Dominion scientific adviser honored for work in genetics | Addiction Professional Magazine Skip to content Skip to navigation

Dominion scientific adviser honored for work in genetics

April 22, 2014
by Gary A. Enos, Editor
| Reprints

Kenneth Blum, PhD, president and CEO of IGENE, LLC, and chief scientific adviser to national laboratory Dominion Diagnostics, was honored at this month's American Society of Addiction Medicine (ASAM) Medical-Scientific Conference for a research abstract on the genetic factors that could predispose an individual to substance use problems.

Blum, who in 2005 received the first patent for the Genetic Addiction Risk Score (GARS) test, last moth entered into an agreement under which Dominion will co-develop and market the genetic risk testing, which is designed to assist in the understanding of gene-influenced “reward deficiency syndrome” that is believed to lead some individuals to turn to harmful levels of substance use.

Blum this month received ASAM's Medical-Scientific Program Committee Award for best scientific abstract in the area of drug testing, medication management or biomarkers. His abstract was titled “Clinical Integration of Innovative Genetic Risk/Medical Monitoring in Reward Deficiency Syndrome.”

He stated, “The integration of GARS as a treatment tool will offer enormous clinical benefit, including the reduction of patient denial and guilt, the ability to counsel and stratify medication response by genotype, opportunities to reduce harm, and a better understanding of polymorphic reward deficiencies and their effect on treatment. Used hand in hand with objective diagnostics like drug testing, GARS will provide new information that will result in more positive clinical interactions and improved treatment outcomes.”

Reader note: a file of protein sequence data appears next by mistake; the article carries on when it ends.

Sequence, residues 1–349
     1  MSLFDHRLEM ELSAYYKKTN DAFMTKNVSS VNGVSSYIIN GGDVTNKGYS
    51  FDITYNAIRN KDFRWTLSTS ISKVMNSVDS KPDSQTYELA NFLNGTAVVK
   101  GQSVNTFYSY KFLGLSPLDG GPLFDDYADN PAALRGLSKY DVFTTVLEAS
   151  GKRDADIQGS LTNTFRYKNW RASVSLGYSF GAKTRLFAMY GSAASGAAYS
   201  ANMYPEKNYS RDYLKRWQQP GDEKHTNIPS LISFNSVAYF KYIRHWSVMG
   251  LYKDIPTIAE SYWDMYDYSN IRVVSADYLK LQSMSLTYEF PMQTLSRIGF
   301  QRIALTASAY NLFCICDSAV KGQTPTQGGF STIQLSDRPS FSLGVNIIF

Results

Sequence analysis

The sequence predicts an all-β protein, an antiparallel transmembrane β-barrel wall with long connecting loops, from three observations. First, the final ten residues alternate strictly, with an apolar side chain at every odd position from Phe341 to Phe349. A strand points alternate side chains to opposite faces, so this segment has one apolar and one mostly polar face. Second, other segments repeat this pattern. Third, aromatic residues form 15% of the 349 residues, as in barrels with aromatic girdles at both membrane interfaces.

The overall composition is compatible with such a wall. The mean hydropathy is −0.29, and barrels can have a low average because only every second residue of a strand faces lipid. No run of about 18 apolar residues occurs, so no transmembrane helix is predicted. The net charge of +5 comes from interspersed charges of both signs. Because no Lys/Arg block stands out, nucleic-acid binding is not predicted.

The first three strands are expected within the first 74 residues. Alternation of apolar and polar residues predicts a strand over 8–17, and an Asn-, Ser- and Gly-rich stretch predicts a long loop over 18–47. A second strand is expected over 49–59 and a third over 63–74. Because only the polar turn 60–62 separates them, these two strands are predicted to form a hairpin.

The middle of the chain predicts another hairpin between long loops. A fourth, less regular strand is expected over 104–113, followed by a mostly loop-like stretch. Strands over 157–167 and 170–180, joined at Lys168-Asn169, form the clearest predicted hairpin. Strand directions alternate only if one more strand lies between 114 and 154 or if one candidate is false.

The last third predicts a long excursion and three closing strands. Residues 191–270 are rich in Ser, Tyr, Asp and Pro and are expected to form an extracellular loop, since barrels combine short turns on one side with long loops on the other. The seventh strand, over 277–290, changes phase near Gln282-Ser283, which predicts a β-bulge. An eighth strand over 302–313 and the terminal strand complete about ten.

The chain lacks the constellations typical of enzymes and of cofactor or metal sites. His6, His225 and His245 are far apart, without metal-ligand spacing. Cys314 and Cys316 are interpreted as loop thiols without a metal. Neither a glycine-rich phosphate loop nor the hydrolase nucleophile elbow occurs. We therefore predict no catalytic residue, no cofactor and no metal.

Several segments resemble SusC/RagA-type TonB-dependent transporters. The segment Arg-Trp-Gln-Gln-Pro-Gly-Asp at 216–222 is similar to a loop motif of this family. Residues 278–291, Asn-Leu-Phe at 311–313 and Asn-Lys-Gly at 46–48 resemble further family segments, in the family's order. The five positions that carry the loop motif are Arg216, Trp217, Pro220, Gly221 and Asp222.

Blum's abstract also summarized new research related to patient compliance to prescribed treatment medication and avoidance of drugs of abuse during treatment.



My work with Dr.Blum and Dr.Trachtenberg during the late 1980's and early 1990's led us all to believe that this would be a very long and involved process. We also agreed that we were on the right track and that very likely we were looking at more than one genetic factor. Time has substantiated this . I have used the genetic predisposition to addictions in continuing development of the New Concept Science Based Addictions Treatment Model that was initiated in 1983 and has promoted an in-depth,current science base to this day. I have expanded on the suggested use of neuronutrients as a very powerful support for certain areas of neurobiopsychosocial health during the recovery process. My current area of focused interest involves how epigenetics can be factored into the genetic functions. Naturally, there is much more involved in the New Concept Model, however the basis rests on the genetic/epigenetic underpinnings of the addictive process in development. I still hold to my belief that 2020 t0 2025 will see the major portion of genetics/epigenetics and the neurosciences come into the major developments in the cures.